Not-so-secret atomic tests: Why the photographic film industry knew what the American public didn’t


posted Tuesday, February 26, 2013 at 5:07 PM EST

It's one of the dark marks of the U.S. Government in the 20th century — a complete willingness to expose unwitting citizens to dangerous substances in the name of scientific advancement. It happened with the Tuskegee syphilis experiment, with the MKUltra mind control project and with the atomic bomb testing of the 1940s and 50s. The Atomic Energy Commission (AEC) knew that dangerous levels of fallout were being pumped into the atmosphere, but didn't bother to tell anyone. Well, anyone except the photographic film industry, that is.

Photographic film is particularly radiosensitive -- that's the reason why you see dosimeters made from the stuff, as they can be used to detect gamma, X-ray and beta particles. But in 1946, Kodak customers started complaining about film they had bought coming out fogged.


Fogged Kodak film.
Photo courtesy of Oak Ridge Associated Universities

Eastman Kodak investigated, and found something mighty peculiar: the corn husks from Indiana they were using as packing materials were contaminated with the radioactive isotope iodine-131 (I-131). Eastman Kodak at the time had some of the best researchers in the country on its team (the company even had its own nuclear reactor in the 1970s), and they discovered something that was not public knowledge: those farms in Indiana had been exposed to fallout from the 1945 Trinity Test in New Mexico -- the world's first atmospheric nuclear bomb explosions which ushered in the atomic age. Kodak kept this exposure silent.

Some of the facts in the story are -- like the film in question -- a little hazy. Some claim Kodak's discovery happened in 1946, some in 1945. The Trinity Test was officially July of 1945, but I can believe that by the time corn was exposed to the radiation, picked, the husks converted to packing material and the film packaged and sold, it could well have been 1946. Given that the government initially denied that the Trinity Test was even nuclear, instead calling it an "ammunition explosion," perhaps Kodak's silence is more understandable.


The Trinity explosion, 16 milliseconds after detonation.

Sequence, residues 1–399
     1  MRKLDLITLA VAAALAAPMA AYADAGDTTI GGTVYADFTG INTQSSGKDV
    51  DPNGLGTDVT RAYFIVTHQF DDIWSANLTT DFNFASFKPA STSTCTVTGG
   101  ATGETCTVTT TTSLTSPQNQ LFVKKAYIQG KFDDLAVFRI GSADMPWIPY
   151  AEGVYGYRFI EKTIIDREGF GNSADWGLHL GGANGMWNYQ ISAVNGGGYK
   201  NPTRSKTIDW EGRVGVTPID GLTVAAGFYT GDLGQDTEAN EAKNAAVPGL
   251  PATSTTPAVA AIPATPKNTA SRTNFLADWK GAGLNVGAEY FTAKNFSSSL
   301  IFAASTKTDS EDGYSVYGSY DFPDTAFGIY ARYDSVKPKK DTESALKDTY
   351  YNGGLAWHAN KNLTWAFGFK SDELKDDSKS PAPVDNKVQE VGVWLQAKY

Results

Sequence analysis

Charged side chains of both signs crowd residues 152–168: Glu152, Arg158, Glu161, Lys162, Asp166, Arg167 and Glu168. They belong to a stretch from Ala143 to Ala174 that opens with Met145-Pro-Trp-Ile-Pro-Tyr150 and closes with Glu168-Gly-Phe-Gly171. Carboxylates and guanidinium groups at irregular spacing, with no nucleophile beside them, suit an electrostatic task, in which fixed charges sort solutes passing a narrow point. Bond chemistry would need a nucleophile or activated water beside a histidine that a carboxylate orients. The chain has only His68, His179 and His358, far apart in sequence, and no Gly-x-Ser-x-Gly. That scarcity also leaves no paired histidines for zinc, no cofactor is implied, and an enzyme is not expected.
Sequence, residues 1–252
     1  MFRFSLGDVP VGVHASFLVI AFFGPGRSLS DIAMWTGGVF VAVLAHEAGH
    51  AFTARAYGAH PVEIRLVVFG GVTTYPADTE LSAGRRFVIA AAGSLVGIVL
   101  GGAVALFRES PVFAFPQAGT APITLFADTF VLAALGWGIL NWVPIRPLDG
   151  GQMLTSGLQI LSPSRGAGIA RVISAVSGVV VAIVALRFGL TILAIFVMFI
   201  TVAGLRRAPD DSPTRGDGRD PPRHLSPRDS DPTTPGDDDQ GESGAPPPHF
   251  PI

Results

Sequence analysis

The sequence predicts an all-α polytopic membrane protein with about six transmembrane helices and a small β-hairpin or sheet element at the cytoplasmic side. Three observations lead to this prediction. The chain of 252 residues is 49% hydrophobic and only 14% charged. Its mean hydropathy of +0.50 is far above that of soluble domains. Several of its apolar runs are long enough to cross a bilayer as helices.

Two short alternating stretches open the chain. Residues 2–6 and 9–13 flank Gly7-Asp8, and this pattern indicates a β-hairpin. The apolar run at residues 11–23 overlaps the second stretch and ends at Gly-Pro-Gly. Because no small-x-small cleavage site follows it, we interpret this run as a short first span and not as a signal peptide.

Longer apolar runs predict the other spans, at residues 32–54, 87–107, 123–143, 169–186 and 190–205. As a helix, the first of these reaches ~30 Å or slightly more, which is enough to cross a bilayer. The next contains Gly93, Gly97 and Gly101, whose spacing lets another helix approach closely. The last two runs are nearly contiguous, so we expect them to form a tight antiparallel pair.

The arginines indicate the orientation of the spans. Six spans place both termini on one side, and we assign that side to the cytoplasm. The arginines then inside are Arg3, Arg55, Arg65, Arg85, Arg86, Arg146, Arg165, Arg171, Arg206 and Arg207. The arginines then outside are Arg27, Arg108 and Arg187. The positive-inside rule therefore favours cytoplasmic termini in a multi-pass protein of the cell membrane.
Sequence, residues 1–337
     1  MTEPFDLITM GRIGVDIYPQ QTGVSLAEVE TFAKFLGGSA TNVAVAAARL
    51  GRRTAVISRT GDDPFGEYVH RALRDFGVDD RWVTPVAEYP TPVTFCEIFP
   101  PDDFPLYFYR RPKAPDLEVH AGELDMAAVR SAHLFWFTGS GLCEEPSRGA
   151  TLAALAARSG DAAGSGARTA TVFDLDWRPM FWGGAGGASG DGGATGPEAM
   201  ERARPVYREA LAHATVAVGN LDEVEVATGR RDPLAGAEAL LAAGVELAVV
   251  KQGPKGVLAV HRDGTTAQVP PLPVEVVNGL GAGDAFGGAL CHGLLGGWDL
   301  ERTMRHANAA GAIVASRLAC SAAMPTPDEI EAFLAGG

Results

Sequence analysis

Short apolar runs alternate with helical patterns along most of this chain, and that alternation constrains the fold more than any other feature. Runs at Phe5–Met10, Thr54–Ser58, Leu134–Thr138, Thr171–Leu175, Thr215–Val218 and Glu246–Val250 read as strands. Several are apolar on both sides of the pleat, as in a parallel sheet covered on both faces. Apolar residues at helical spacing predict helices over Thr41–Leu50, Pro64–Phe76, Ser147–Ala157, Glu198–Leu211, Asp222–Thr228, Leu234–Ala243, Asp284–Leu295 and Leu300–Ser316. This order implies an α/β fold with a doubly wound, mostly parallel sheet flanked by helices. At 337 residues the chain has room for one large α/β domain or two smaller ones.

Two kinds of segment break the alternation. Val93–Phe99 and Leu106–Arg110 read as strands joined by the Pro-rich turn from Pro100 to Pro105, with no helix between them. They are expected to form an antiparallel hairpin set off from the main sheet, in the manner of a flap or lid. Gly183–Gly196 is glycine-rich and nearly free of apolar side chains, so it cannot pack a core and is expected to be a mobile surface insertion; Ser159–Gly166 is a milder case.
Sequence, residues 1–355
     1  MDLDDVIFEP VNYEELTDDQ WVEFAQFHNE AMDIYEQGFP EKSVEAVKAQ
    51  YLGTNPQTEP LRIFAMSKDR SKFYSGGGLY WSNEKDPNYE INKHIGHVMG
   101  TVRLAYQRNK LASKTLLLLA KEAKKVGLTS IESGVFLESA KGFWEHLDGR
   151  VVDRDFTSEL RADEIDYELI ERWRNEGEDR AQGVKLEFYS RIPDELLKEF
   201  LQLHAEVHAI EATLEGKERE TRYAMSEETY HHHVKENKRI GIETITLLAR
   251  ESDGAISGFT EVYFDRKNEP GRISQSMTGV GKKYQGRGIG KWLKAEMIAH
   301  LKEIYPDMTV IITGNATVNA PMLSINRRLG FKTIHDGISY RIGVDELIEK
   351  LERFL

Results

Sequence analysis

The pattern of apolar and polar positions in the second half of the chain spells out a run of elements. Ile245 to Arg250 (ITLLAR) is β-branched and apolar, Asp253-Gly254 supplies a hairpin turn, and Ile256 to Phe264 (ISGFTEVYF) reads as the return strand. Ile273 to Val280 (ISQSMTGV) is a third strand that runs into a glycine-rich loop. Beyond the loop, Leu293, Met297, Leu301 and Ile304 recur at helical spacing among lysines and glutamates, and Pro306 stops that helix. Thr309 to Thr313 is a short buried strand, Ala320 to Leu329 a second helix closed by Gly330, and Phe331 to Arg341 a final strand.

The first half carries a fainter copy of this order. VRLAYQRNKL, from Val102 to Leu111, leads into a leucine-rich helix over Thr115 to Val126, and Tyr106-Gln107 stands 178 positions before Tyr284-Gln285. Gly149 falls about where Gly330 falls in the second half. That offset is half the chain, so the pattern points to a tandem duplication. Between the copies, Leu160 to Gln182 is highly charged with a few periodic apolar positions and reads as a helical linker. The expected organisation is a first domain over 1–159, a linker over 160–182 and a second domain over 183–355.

But the story doesn't end in 1946, with Kodak keeping a lid on atmospheric nuclear bomb testing by the government. The U.S. continued with atmospheric detonation tests, most famously in the Pacific, but also back on American soil in the 1950s at the Nevada National Security Site. The first test in Nevada was in January of 1951, and days later, as snow blanketed the city of Rochester, N.Y., Kodak detected spiked radiation levels that measured 25 times the norm some 1,600 miles away from the test site.

Kodak's response was twofold. It registered a complaint with the National Association of Photographic Manufacturers (NAPM), who contacted the Atomic Energy Commission, and Kodak contacted the AEC directly. According to the NAPM memo, Kodak measured 10,000 counts per minute of radiation, compared to recent unaffected snowfalls that registered only 400. The AEC released a statement to the AP claiming it was "investigating reports that snow that fell in Rochester was measurably radioactive. The reports... indicate that there is no possibility of harm to humans or animals.... All necessary precautions, including radiation surveys and patrolling, are being undertaken to insure that safety conditions are maintained."

Kodak's contacting of the AEC essentially lead to the company being brushed off by the commission, so Eastman Kodak did what any company would do: it threatened to sue. And that's when things got really weird. The AEC capitulated, and agreed to give not just Kodak, but also the entire film industry, information about nuclear tests, weather patterns, predicted fallout and more. This was information that no one else was getting, certainly not the general public.